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“How I Got the Job I Love”

September 05, 2018

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I’m always amazed when I read or hear that one “really enjoys what they do for a living.” Why? Because so many people who go to work every day hate their jobs – I find this very sad. Personally, I think part of this issue is “attitude.”

When I was 15-years-old I fibbed about my age and got a Saturday job at Woolworth’s – now gone. I worked in the houseplants, gold fish and budgie bird department (if you can imagine). I loved every minute of it but my greatest moment was when I discovered a little bottle with a sponge applicator of (drum roll here) PLANT SHINE.

The minute I hit the floor on Saturdays I’d whip around and shine up every green leaf in the entire department. You could see yourself in the split leaf philodendrons. A couple of disgruntled, long-term female employees would see me coming and start mumbling, “Oh God, here comes the brat with the bottle.”

A Split Leaf Philodendron

SHE FLIES HIGH AND IS GOING HIGHER

This brings me to today’s subject: an enterprising female named Rohaise Firth-Butterfield, who has a private pilot license from Texas Central College. This is a community college that offers flight training. I came across her story in Air & Space, May 2018 that is put out by the Smithsonian Institute.

After acquiring her pilot’s license Rohaise found that she could apply these hours of flight training as credit hours for a college degree so she transferred to Texas A&M to earn her bachelor’s degree in aviation science. Smart girl.

Rohaise Firth-Butterfield – photo courtesy of Air & Space, May 2018

SHE’S FOLLOWING HER DREAM OF FLYING THIS AIRCRAFT

What’s next? After giving it some thought, she decided to apply for advanced flight training, so she applied to become a Reserve Officer Candidate in the U.S. Air Force. “The people were very friendly and welcoming,” says Rohaise. “It didn’t feel like a job interview. They told me they were just trying to make sure that I would fit in with them.” Note: A “reserve” typically serves one weekend a month and two weeks per year.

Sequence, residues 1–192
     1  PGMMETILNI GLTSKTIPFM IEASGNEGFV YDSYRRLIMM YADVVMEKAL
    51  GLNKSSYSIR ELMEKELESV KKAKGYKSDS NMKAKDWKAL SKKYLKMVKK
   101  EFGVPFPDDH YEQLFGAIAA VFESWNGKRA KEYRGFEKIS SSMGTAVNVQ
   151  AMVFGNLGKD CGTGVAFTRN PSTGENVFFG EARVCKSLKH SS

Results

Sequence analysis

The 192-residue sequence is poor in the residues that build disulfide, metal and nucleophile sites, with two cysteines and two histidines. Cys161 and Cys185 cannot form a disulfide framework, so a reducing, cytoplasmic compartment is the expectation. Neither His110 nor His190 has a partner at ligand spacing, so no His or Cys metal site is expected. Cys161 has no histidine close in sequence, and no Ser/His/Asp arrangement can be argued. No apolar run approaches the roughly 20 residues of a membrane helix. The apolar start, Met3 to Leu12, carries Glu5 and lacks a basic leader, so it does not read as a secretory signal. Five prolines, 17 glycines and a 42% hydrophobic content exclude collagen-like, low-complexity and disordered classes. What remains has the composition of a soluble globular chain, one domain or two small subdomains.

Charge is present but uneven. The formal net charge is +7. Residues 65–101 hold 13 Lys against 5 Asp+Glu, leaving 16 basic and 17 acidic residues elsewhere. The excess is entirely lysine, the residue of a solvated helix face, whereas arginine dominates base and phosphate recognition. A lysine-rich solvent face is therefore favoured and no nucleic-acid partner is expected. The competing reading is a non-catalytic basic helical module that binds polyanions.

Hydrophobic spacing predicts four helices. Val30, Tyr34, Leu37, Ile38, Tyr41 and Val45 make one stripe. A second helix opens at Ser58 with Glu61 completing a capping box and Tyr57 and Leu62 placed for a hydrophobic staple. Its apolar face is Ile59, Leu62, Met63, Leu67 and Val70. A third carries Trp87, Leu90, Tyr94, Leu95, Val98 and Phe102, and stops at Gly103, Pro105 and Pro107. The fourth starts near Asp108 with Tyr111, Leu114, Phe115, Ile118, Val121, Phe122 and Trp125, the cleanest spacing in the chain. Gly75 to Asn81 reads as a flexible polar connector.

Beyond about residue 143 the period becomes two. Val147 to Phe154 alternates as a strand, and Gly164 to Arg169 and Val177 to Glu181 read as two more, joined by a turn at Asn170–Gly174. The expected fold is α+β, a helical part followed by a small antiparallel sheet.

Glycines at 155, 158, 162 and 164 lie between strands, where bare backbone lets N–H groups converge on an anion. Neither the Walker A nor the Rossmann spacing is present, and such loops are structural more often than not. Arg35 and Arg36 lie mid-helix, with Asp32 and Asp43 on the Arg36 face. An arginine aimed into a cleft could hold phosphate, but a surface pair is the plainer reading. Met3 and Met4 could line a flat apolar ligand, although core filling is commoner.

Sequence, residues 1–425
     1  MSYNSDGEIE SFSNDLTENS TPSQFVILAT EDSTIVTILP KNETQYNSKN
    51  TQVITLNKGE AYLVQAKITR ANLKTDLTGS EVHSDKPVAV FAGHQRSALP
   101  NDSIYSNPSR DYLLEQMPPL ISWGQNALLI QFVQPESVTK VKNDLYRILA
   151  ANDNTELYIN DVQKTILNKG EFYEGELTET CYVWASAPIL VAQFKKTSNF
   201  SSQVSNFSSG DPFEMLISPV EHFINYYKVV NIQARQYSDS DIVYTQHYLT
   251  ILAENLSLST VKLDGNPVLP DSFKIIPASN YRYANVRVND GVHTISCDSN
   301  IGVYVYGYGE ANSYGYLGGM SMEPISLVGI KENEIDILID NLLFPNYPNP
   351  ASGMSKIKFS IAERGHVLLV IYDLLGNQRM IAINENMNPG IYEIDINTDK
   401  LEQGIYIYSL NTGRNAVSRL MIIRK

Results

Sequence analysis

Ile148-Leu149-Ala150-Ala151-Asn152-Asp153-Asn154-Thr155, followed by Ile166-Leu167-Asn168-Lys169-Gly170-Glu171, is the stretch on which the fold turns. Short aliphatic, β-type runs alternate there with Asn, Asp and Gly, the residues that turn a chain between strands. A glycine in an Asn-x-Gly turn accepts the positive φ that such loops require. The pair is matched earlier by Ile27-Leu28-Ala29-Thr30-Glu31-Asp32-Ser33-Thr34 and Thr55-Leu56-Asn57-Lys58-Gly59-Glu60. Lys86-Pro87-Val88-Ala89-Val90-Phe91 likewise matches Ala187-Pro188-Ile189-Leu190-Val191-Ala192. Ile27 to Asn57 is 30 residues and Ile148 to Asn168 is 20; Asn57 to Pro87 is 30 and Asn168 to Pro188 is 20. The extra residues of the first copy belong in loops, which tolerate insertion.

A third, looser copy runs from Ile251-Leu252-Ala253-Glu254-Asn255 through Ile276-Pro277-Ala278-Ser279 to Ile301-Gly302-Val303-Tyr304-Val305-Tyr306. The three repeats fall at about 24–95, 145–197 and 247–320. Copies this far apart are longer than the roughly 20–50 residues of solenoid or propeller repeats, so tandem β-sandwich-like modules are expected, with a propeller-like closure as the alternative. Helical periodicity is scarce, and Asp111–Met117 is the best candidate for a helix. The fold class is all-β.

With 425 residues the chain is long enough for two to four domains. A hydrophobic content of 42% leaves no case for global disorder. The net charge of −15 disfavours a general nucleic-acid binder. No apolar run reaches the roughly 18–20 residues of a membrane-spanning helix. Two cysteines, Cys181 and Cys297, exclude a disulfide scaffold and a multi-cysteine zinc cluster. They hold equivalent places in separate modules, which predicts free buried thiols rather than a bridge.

In May 2018 she began her advanced training in Lackland, Texas. “This training is the type of flying I really wanted to try as a civilian but I never had the opportunity,” she says.

A Grand Prize-winning photo taken by Angela McLain-Toland – a female photographer in El Centro, California who says, “I was photographing the Blue Angeles’ winter training. I knew they would fly their diamond formation takeoff right over these hay bales. I walked the bales eight times to guesstimate where to stand – I could not see the planes approaching. Thanks to the skilled flying of the pilots, they lined up perfectly for the shot – photo courtesy of Air & Space, May 2018.  

WHAT EXACTLY IS THE “RAYTHEON T-6 TEXAN II?”

Brace yourself. This is a single-engine, two-seat aircraft that places one crewmember in front of the other: student and instructor positions are interchangeable. A pilot may also fly the aircraft alone from the front seat.

Now, here are the nitty-gritty details:

  • The aircraft can perform an initial climb of 3,100 ft. per minute
  • It can reach 18,000 ft. in less than six minutes
  • It goes up to 320 MILES PER HOUR and it costs $4.3 million

WHY IS ROHAISE SO INTERESTED IN THIS JOB?

After her training she will be following her dream. “I really like the fact that I will be helping people on the ground by flying humanitarian missions. I really want to be useful.” She’s a young woman who is heading into a very unusual occupation – here are two more mavericks that we’ve written about.

CLICK TO READ ABOUT the first female coach in the NFL – now THAT’S impressive!

CLICK HERE and learn how a female children’s book author (who started with a big idea and an old typewriter) became a billionaire.

Shaun Nelson-Henrick



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